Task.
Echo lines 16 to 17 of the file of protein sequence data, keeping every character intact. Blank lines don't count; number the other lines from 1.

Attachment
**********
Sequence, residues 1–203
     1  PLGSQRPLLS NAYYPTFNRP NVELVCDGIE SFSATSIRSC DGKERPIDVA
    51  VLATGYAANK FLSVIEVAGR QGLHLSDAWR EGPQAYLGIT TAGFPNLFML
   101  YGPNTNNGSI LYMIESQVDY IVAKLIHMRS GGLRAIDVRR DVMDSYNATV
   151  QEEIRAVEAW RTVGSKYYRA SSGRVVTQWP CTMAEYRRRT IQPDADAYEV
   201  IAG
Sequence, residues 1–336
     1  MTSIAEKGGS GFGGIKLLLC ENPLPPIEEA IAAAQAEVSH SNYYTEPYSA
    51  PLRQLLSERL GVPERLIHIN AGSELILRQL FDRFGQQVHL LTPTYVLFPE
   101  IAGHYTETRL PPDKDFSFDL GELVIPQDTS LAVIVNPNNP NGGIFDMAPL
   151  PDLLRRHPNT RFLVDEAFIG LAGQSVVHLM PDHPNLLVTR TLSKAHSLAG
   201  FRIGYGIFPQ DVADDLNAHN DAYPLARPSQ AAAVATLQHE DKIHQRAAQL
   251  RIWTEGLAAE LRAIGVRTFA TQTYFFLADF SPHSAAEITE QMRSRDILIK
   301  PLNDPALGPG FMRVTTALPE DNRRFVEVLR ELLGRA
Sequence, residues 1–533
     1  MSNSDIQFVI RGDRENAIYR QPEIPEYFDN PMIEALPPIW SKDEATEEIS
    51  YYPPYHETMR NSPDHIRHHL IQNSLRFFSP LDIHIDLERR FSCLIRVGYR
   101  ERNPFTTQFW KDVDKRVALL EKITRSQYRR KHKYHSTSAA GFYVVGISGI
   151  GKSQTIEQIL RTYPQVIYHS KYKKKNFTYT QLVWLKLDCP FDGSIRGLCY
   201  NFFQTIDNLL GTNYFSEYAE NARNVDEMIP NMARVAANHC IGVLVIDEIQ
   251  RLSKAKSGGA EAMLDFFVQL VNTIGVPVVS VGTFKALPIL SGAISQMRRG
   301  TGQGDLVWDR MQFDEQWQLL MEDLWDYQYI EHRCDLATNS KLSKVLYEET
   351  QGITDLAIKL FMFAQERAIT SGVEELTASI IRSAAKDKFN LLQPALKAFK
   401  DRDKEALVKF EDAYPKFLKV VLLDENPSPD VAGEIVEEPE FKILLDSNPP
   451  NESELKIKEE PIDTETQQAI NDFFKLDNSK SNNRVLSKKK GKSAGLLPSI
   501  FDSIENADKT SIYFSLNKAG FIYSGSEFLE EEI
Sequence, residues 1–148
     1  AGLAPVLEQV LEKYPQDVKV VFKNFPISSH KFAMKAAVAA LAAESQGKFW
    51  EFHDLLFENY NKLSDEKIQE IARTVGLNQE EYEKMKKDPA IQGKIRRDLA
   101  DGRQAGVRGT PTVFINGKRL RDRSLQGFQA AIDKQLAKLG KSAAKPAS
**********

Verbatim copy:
     1  MSNSDIQFVI RGDRENAIYR QPEIPEYFDN PMIEALPPIW SKDEATEEIS
    51  YYPPYHETMR NSPDHIRHHL IQNSLRFFSP LDIHIDLERR FSCLIRVGYR